Immigration enforcement could become hot county issue

Barry Rascovar
Barry Rascovar

Over the next few weeks, Baltimore County will be Maryland's ground zero in the controversy over President Trump's crackdown on illegal immigration.

The three Republicans on the County Council, Todd Crandell, David Marks and Wade Kach, want the county jail to screen for illegal immigrants — a direct challenge to County Executive Kevin Kamenetz's order forbidding this practice.


A public hearing is set for May 30, with a vote by the council on June 5.

It's unlikely the bill will pass in that the four Democrats on the council oppose President Trump's anti-immigrant push.

But it is sure to be a point of conflict in next year's county elections.

Baltimore County is home to 43,000 Hispanics — a 600 percent increase since 1990. The Reisterstown Road corridor from the city line in Pikesville to Main Street in Reisterstown has seen a proliferation of Latino families in recent decades.

Nearly 9 percent of the county's 112,000 school students are Hispanic, a number that is growing.

The jail-screening bill calls for Baltimore County to become part of a federal program that trains jail officers to spot immigration violations through a federal database.

Two counties — Frederick and neighboring Harford — are on board and Anne Arundel has applied to join.

Maryland Attorney General Brian Frosh warned them the federal program holds the potential to open counties to lawsuits over illegal racial profiling.

Kamenetz said the three Republicans on the council "are trying to frankly grandstand the issue in defiance, now, of the attorney general's opinion." Kamenetz said he would veto the bill if it reaches his desk.

Republicans, in turn, maintain Kamenetz, a Democrat who is eyeing a run for governor next year, is using the issue for his own political purposes.

Their point is underlined by Kamenetz's earlier order barring county law enforcement officers from asking about the immigration status of any individual they happen to encounter.

The executive order also states that the county cannot hold people detained in jail past their release dates just because a federal immigration agent makes such a request.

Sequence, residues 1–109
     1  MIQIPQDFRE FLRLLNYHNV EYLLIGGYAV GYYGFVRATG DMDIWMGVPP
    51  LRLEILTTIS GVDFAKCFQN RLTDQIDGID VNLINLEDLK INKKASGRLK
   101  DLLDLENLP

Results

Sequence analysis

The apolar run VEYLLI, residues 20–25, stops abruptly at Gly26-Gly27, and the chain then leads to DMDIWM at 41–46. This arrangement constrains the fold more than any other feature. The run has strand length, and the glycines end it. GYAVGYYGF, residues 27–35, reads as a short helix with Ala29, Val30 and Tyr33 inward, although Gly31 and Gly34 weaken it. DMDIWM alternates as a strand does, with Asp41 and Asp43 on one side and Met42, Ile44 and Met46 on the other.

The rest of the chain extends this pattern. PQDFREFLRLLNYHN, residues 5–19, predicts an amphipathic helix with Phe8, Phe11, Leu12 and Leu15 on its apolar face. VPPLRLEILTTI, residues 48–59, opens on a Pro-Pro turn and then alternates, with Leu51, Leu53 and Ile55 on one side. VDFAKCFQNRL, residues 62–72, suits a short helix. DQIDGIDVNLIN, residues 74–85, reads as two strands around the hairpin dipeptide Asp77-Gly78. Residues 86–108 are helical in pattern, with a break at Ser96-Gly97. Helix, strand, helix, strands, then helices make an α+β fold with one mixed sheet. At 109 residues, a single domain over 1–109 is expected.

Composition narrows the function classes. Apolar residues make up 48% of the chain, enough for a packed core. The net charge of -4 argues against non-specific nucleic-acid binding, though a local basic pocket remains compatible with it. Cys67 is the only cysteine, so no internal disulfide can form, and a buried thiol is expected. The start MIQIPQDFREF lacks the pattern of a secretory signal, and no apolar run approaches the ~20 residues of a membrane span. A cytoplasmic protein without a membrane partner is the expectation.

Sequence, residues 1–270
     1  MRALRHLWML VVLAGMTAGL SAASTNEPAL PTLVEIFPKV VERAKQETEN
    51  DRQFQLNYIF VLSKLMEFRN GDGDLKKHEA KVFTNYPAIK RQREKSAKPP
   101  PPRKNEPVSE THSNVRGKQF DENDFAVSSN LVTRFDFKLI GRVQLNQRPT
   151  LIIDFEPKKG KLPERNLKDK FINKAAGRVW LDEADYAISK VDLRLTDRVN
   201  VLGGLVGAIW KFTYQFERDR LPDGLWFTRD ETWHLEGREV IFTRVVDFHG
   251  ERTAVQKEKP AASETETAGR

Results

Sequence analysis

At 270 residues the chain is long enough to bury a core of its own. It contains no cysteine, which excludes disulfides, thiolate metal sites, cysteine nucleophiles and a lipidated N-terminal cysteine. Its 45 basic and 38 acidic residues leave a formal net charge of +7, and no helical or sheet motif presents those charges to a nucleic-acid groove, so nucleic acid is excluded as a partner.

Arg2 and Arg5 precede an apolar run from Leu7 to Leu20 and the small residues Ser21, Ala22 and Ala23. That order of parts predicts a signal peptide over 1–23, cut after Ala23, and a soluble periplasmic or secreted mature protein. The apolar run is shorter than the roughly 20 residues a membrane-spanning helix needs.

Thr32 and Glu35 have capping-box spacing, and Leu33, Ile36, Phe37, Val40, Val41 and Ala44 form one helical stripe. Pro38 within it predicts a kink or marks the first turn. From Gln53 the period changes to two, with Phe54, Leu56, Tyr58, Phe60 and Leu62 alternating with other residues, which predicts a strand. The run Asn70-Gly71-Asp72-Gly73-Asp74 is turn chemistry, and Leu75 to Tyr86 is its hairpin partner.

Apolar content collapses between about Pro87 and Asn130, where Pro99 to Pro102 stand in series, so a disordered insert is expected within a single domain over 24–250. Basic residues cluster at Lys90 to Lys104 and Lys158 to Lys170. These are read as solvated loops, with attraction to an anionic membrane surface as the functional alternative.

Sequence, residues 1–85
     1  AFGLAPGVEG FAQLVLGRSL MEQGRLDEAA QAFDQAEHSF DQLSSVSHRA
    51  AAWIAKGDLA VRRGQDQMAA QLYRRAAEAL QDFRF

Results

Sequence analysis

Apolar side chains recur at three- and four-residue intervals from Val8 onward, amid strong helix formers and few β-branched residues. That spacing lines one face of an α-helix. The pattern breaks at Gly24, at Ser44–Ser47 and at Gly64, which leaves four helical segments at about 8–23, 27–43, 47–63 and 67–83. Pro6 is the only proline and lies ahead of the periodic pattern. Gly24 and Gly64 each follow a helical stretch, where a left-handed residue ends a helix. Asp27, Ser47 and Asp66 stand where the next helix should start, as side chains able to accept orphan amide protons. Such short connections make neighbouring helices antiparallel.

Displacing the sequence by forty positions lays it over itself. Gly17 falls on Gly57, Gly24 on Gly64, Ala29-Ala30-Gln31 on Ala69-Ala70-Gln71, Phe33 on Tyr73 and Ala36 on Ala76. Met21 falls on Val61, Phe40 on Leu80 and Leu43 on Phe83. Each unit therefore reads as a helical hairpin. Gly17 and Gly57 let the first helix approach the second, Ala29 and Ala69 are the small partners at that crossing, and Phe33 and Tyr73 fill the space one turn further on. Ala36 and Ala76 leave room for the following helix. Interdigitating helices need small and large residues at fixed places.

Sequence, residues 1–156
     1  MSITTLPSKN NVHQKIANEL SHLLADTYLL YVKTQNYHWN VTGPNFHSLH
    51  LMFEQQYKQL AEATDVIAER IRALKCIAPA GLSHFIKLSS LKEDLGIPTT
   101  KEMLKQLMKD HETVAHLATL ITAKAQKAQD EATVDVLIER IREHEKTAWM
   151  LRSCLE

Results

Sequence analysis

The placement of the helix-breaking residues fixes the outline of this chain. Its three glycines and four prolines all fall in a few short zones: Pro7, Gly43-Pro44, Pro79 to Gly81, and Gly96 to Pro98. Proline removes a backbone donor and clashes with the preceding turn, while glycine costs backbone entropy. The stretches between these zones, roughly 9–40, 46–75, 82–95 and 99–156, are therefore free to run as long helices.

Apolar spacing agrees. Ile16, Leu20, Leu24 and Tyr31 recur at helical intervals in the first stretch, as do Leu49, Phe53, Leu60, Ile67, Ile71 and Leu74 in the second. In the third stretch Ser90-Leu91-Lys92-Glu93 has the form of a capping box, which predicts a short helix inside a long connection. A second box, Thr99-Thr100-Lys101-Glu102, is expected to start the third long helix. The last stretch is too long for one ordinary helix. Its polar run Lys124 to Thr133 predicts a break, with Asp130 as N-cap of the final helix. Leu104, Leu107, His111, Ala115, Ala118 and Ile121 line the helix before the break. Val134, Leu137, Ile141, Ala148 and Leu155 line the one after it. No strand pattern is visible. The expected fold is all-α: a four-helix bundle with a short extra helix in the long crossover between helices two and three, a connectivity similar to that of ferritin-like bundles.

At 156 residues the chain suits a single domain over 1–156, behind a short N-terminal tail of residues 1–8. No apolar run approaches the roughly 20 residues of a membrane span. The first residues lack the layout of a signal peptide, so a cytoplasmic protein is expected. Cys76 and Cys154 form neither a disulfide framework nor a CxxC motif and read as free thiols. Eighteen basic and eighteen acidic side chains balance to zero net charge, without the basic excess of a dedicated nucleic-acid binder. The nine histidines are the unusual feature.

Frosh chimed in on that point, too, reminding jail officials across the state that a warrant from a judge is required if immigration officials want to keep a detainee under lock and key. Otherwise, he wrote the county might end up violating the constitutional ban on unlawful detention.

During this year's General Assembly session in Annapolis, Hispanic lawmakers tried to pass a bill limiting police cooperation with immigration officials — unless a signed warrant is presented. The bill also barred the state or counties from withholding benefits or discriminating against an individual based on immigration status.


State Sen. Bobby Zirkin, of Pikesville, found himself in the middle of this high-voltage issue. He chaired the committee working on the bill. The panel's watered-down version failed to find sufficient support to pass before adjournment.

Trump and Vice President Pence have warned that counties adopting "sanctuary" policies aimed at thwarting immigration enforcement could face a loss of federal aid.

Rep. Andy Harris, whose 1st District includes a portion of northern Baltimore County, criticized Kamenetz last November when the county executive came out in favor of protecting students from immigration enforcement efforts on college campuses in the county.

Harris called the county executive's move a "risky gambit" that "may result in budgetary consequences." Baltimore County receives $110 million in federal funds, though it is unclear if any of that money is at risk.

So get ready for a war of words over the immigration-enforcement issue in Towson in the coming weeks. It could get heated.

Barry Rascovar's blog is www.politiclamaryland.com. He can be reached at brascovar@hotmail.com.